Christian Education: Retrospects and Prospects

A special issue of Religions (ISSN 2077-1444). This special issue belongs to the section "Religions and Health/Psychology/Social Sciences".

Deadline for manuscript submissions: closed (25 August 2023) | Viewed by 7395

Special Issue Editors


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Guest Editor
School of Religion, Philosophy and Classics, University of KwaZulu-Natal, Pietermaritzburg 3201, South Africa
Interests: religion and governance; social history of the church; Christian education; church and the environment; pastoral leadership

E-Mail Website
Guest Editor
School of Religion, Philosophy and Classics, University of KwaZulu-Natal, Pietermaritzburg 3201, South Africa
Interests: education for social transformation; religion and social transformation; political economy of ancient Israel; prophetic literature

Special Issue Information

Dear Colleagues,

The religious landscape has seen considerable changes and shifts in the past couple of decades. Africa and the rest of the developing world have been freed from the yoke of formal colonialism. Christian education which used to be in the hands of Western missionaries is now firmly in the hands of indigenous clergy and lay people. The Western world is growing increasingly secular. The center of gravity in Christianity has moved from the West to Africa, Asia, and Latin America. The Pentecostal-Charismatic forms of Christianity have dislodged mainstream Christianity as the dominant brand of the Christian religion. This Special Issue explores Christian education from the past, through the present and its prospects for the future, against the background of these seismic shifts in the Christian world. We welcome papers that look at the goal, models, content, and practice of Christian education from the past into the future, as well as the response of Christian education to the changes that are happening in both the secular and Christian worlds.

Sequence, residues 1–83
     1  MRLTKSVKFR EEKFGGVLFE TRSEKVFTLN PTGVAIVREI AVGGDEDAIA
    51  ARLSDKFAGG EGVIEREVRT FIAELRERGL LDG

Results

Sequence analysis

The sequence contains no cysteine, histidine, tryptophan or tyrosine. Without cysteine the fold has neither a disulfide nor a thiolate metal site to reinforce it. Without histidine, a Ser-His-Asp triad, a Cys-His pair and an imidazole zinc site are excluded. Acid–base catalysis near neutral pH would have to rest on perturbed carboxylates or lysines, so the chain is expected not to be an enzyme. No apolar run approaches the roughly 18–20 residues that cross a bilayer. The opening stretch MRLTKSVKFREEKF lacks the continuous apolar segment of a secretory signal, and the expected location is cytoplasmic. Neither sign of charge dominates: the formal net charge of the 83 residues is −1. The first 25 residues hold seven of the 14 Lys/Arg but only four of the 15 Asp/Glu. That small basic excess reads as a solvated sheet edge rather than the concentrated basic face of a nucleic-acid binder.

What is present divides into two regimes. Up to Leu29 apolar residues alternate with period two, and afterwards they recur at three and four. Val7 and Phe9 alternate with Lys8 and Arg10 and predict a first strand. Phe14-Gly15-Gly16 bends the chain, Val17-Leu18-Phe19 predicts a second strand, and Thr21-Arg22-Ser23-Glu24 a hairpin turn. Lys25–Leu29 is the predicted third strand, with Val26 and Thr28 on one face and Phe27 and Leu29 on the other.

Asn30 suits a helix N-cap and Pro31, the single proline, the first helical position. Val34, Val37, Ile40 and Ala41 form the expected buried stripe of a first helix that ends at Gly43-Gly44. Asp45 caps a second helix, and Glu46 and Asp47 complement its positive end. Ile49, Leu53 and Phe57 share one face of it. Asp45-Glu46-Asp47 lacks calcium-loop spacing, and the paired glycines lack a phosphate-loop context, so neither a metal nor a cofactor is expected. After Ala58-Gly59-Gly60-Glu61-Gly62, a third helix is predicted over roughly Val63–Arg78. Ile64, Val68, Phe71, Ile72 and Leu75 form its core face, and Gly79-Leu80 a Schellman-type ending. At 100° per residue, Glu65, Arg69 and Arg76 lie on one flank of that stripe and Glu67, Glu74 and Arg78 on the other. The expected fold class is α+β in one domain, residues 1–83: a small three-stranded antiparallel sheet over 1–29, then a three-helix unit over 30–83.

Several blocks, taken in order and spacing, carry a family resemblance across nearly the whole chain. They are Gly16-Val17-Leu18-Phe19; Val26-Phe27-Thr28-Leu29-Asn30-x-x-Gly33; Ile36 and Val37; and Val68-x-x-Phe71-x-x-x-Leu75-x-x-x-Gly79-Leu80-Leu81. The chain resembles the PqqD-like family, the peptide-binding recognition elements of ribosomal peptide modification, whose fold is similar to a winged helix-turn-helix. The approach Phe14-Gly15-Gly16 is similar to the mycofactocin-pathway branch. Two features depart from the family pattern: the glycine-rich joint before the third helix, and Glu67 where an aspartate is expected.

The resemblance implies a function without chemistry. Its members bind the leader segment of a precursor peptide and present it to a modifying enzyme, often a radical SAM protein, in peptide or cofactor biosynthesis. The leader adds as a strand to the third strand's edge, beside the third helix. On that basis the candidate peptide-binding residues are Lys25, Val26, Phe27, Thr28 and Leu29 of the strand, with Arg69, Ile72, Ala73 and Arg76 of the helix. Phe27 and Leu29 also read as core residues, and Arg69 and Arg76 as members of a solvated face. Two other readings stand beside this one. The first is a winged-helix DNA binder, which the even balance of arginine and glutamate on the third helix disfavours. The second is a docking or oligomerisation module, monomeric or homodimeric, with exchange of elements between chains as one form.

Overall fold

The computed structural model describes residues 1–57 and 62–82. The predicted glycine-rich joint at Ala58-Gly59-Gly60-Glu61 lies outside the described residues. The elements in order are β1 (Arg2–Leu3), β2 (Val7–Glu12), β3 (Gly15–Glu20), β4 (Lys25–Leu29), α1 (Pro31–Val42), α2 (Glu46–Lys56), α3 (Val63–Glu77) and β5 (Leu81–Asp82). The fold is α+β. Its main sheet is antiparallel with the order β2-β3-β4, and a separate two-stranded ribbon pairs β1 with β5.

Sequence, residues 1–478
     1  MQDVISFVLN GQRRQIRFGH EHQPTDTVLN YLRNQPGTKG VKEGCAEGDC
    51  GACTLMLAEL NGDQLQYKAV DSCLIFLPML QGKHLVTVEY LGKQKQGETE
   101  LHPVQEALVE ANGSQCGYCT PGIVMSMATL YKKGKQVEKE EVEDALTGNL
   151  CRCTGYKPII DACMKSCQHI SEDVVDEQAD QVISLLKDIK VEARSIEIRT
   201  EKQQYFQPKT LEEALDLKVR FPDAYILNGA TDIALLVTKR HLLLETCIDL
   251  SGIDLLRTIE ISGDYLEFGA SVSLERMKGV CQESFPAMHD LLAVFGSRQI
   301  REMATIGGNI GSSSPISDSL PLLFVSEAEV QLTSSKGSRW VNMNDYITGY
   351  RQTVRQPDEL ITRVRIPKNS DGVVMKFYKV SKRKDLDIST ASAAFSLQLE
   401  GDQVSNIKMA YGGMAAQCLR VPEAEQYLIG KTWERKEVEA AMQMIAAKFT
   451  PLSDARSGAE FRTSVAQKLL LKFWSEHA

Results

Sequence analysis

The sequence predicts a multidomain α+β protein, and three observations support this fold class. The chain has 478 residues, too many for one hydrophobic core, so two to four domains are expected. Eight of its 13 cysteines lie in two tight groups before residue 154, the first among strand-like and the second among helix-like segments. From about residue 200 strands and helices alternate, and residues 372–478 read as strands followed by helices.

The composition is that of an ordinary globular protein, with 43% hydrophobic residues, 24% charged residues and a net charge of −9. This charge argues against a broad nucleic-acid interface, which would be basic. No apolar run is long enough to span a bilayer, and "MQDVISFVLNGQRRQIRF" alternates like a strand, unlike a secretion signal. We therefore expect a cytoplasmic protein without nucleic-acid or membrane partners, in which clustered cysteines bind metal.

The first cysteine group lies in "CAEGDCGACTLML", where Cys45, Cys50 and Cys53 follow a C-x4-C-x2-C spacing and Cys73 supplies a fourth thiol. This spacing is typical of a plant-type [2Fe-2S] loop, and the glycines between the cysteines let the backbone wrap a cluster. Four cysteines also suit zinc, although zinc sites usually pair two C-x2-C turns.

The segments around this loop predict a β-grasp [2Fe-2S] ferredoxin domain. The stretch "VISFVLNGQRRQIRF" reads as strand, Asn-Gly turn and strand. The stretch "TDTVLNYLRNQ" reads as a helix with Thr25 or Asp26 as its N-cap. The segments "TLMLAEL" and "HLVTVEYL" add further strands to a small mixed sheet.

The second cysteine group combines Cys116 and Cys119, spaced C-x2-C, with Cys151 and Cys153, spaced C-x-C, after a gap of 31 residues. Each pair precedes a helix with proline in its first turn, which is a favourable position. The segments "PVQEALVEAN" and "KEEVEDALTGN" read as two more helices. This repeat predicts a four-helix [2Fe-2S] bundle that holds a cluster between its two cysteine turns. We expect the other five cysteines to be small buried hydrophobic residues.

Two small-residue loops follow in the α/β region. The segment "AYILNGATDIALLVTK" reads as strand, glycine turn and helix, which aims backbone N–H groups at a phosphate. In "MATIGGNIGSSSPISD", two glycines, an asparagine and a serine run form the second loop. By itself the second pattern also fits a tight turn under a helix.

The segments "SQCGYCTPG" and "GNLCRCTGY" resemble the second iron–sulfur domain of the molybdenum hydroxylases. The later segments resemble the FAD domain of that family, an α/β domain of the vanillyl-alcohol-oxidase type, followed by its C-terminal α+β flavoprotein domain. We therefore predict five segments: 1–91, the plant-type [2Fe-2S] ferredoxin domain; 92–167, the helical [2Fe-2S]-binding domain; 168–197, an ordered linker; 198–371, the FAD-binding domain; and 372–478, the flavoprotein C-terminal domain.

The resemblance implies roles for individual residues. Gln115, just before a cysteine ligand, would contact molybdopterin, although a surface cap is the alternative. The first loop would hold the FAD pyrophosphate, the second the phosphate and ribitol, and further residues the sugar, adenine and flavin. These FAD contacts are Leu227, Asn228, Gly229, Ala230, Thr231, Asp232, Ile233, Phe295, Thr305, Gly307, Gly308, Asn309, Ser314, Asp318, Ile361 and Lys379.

We request that, prior to submitting a manuscript, interested authors initially submit a proposed title and an abstract of 400–600 words summarizing their intended contribution. Please send it to the guest editors at taruonah@ukzn.ac.za or to the Religions editorial office at religions@mdpi.com. Abstracts will be reviewed by the guest editors for the purposes of ensuring proper fit within the scope of the Special Issue. Full manuscripts will undergo double-blind peer-review.

Prof. Dr. Simangaliso R. Kumalo
Dr. Honoured Taruona
Guest Editors

Manuscript Submission Information

Manuscripts should be submitted online at www.mdpi.com by registering and logging in to this website. Once you are registered, click here to go to the submission form. Manuscripts can be submitted until the deadline. All submissions that pass pre-check are peer-reviewed. Accepted papers will be published continuously in the journal (as soon as accepted) and will be listed together on the special issue website. Research articles, review articles as well as short communications are invited. For planned papers, a title and short abstract (about 100 words) can be sent to the Editorial Office for announcement on this website.

Submitted manuscripts should not have been published previously, nor be under consideration for publication elsewhere (except conference proceedings papers). All manuscripts are thoroughly refereed through a double-blind peer-review process. A guide for authors and other relevant information for submission of manuscripts is available on the Instructions for Authors page. Religions is an international peer-reviewed open access monthly journal published by MDPI.